Is Painkiller Use Linked to Hearing Loss in Women?

Is Painkiller Use Linked to Hearing Loss in Women?

Is Painkiller Use Linked to Hearing Loss in Women?


The Daily Mail recently reported that 1 in 20 women risked hearing loss as a result of regular painkiller use. The article states that taking two pills of ibuprofen or paracetamol a week can cause permanent hearing loss. It sounds startling, but is it really a cause for alarm?


What is the article based on?


The article drew its conclusions from the ongoing Nurses’ Health Study (NHS1), funded by the US National Institutes of Health. The study looks at the long-term effects of painkiller use in a group of women, and started in 1976 when the women were aged 44 to 69.

Recently, a group of researchers have examined the project’s results for links between painkiller use and hearing loss. Of the 55,850 women in the study, 33% reported some degree of hearing loss. This was the first time the study had been performed with women, though a previous study with men showed similar findings.

Does the study show that painkillers cause hearing loss?


The results indicated that women who took painkillers 2 or more days a week across a long time period had a higher risk of hearing loss. Regular paracetamol use measured over 6 years was linked to a 9% higher chance of hearing loss, compared with less than one year of regular use. Regular use of non-steroidal anti-inflammatory drugs (NSAID) such as ibuprofen was linked to a 10% higher chance of hearing loss. Overall, the researchers calculated that 4% of the cases of hearing loss in the study were the result of NSAID use and 1.6% of the results by paracetamol use.


However, hearing loss can be caused by many different factors. The study did not fully take into account other factors that might have caused the women’s hearing loss, such as exposure to loud noise (noise-induced hearing loss), illnesses, age and injuries. The degree of hearing loss experienced by the women was also not medically tested. As a result, the study cannot firmly prove the connection between these painkillers and hearing loss, but it can suggest a link between the two.


How could paracetamol and ibuprofen affect hearing loss?


The researchers suggest that NSAIDs could restrict blood flow to the cochlea (inner ear), which can cause damage to the cells and hairs that transmit sound to the brain. Paracetamol is believed to deplete important antioxidants in the cochlea, which usually protect it from damage. These risks are still to be confirmed by further testing.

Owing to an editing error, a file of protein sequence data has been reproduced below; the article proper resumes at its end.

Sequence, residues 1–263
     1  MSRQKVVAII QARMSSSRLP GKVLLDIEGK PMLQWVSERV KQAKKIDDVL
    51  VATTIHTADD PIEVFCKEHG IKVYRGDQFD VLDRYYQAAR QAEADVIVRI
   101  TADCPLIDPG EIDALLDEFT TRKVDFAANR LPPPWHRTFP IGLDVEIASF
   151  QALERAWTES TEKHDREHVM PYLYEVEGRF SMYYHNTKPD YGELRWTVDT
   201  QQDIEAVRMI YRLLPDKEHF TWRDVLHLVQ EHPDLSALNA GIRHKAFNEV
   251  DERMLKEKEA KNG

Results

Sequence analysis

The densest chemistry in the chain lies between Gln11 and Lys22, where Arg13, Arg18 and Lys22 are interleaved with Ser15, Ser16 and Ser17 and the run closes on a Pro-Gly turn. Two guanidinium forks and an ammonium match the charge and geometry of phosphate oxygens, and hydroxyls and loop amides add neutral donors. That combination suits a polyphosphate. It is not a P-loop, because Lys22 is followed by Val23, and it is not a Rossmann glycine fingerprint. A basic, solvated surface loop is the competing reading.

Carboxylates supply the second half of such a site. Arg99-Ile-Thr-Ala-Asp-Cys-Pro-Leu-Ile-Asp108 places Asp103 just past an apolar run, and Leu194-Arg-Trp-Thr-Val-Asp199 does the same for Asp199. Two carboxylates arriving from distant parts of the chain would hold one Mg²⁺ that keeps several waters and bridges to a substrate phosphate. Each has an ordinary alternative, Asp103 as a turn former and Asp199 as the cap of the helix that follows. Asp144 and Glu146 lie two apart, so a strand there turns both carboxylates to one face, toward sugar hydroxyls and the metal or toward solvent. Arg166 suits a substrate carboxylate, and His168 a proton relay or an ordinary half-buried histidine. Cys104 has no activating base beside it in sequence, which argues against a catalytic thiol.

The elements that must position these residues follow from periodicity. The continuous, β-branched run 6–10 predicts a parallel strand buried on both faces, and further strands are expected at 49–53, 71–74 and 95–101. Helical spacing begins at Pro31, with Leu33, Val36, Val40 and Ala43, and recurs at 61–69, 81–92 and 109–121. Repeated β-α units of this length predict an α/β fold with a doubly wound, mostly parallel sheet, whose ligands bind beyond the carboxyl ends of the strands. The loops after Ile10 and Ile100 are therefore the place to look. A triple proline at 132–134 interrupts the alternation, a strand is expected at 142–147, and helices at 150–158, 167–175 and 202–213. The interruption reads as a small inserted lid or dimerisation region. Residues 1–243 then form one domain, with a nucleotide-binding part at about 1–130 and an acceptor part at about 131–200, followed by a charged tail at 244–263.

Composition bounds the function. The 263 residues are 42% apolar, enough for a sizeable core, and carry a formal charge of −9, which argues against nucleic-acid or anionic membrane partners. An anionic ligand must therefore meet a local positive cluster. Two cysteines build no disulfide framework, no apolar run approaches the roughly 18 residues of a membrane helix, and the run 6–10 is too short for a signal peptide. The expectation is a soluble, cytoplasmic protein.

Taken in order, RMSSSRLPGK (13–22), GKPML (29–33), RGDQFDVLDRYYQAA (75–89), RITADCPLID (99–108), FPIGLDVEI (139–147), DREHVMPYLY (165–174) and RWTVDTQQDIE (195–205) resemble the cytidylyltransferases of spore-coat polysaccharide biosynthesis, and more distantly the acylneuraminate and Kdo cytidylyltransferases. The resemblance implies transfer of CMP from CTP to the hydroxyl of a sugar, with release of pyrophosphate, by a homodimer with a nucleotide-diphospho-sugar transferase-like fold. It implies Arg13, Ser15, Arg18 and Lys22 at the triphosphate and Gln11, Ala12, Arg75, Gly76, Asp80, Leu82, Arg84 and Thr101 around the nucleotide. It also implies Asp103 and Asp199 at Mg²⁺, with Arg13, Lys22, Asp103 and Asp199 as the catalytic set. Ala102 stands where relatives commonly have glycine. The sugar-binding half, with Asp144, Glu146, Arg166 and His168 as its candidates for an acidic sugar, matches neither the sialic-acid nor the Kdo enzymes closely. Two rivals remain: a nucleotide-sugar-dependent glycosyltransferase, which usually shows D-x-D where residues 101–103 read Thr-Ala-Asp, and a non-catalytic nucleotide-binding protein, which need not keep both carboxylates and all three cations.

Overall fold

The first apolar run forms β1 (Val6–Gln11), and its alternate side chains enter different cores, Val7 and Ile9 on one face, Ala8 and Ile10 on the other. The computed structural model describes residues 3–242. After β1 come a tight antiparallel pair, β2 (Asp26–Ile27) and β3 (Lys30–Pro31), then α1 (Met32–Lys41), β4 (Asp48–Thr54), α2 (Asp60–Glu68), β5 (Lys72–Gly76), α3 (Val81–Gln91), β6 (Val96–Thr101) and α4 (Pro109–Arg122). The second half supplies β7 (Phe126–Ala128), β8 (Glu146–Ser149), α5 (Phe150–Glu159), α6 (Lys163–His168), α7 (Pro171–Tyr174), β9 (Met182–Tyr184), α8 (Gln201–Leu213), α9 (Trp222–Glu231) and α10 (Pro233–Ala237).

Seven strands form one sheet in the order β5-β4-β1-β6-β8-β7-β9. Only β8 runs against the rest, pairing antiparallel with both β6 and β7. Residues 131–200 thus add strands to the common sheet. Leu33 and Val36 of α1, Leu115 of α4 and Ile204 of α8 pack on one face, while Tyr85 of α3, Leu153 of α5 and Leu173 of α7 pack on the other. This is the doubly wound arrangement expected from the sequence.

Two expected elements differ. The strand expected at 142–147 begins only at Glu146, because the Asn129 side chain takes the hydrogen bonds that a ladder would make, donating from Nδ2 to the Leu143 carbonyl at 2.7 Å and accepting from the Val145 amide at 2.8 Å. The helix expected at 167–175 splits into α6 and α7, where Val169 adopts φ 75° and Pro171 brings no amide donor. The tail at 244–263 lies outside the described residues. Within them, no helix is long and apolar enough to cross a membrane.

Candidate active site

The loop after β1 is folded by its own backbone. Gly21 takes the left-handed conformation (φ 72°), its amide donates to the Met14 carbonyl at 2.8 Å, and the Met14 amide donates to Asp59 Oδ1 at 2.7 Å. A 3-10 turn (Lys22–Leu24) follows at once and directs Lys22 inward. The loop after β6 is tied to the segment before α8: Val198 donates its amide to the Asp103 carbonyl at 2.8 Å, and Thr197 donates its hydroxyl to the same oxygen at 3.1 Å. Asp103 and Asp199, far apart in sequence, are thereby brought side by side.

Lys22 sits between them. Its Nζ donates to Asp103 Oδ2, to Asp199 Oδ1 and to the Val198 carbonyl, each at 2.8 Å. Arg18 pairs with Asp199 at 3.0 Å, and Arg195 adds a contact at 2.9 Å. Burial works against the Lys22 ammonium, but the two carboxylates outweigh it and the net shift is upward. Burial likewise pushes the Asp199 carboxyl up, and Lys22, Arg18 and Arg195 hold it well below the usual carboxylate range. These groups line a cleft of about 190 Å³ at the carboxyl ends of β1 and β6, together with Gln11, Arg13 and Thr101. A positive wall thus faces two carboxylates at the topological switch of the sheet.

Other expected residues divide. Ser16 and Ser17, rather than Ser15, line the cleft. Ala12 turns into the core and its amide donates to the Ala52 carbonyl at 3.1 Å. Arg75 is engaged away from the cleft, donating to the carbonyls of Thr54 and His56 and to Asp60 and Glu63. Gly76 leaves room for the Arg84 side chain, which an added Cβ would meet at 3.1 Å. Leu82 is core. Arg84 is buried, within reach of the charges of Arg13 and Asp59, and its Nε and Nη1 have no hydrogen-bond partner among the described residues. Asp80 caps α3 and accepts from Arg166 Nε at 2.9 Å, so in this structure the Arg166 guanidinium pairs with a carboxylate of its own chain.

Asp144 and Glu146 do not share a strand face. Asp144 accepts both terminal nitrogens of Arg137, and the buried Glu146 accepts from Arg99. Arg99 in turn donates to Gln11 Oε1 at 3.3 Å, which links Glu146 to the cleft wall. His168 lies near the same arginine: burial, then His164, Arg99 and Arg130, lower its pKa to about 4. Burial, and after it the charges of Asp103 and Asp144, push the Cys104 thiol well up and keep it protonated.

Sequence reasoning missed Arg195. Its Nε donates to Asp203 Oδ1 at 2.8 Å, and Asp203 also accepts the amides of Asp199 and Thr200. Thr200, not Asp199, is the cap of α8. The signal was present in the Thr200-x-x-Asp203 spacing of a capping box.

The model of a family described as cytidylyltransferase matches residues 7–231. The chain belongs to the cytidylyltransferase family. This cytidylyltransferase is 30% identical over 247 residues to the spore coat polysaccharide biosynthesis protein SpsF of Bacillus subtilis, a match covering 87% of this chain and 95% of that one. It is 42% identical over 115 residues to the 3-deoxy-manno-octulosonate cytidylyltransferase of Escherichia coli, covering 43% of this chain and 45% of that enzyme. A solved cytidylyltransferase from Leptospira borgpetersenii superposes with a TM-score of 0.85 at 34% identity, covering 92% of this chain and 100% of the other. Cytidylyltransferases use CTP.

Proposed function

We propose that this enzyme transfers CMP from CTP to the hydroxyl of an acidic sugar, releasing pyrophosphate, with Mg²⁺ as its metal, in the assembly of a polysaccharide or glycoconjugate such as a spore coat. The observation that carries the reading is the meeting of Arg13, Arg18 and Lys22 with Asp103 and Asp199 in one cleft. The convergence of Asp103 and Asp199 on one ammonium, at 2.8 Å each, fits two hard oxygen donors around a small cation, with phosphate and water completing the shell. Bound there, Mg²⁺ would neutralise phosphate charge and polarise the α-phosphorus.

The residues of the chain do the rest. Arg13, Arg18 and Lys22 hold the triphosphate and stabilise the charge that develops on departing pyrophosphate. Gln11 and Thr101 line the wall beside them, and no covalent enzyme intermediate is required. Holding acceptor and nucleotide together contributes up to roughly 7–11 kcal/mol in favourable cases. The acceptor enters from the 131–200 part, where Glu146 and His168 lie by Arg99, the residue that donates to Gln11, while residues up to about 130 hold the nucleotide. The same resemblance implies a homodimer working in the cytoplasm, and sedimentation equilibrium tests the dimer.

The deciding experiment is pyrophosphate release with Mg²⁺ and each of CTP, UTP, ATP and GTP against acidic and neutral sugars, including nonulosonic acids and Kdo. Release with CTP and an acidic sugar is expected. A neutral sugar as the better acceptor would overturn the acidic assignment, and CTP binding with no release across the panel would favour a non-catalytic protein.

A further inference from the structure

Are painkillers dangerous?


Painkillers such as paracetamol, aspirin and ibuprofen are commonly used to treat minor aches and pains such as headaches, toothaches, flu and menstrual cramps. These drugs can be bought over-the-counter, which means they have been tested and are considered safe for general use. However, it’s important to remember that these drugs can always have side effects.

Certain medications can harmful to hearing health. These kinds of pharmaceuticals are known as ototoxic drugs, and include many life-saving medications, including some antibiotics and cancer chemotherapy treatments. In these cases, the benefits and side effects have to be weighed up. Painkillers can also be ototoxic in large doses or through prolonged use.

Taking high doses of aspirin is known to cause temporary tinnitus and hearing loss. The effects usually stop when aspirin use is stopped. Ibuprofen, in high doses, has also been shown to cause temporary tinnitus. Meanwhile, it is well-known that high doses of paracetamol and ibuprofen can cause damage to the kidneys. People with kidney problems are at higher risk of developing ototoxicity from medications. Another risk is combining medications – when a person takes two different ototoxic medications at the same time, the risk of hearing loss is higher.


Taking a painkiller now and then does not harm your hearing health. However, long term use can have serious effects and scientists are still investigating these. You should only take painkillers when needed, and never take more than the recommended dose. If you experience a health condition that requires you to use painkillers or other ototoxic drugs regularly, you should speak to your GP and find out if other options are available. Always consult your GP if you are starting, stopping or changing medications.

What happens if I think I have hearing loss?


If you’ve noticed a recent change in your hearing, you should get a hearing test done as soon as possible. A test can evaluate your hearing, and help uncover the underlying problems. Our hearing specialists will be happy to discuss your concerns and help find a solution that suits you. Get in touch with us today by giving us a call on 0131 220 1220 or by simply popping in to one of our centres.


House of Hearing Scotland

Edinburgh | Perth | Galashiels | St. Andrews


< >

Our Clinics

All House of Hearing clinics are in town centre locations and accessible to public transport and parking. Home visits also available if mobility is an issue.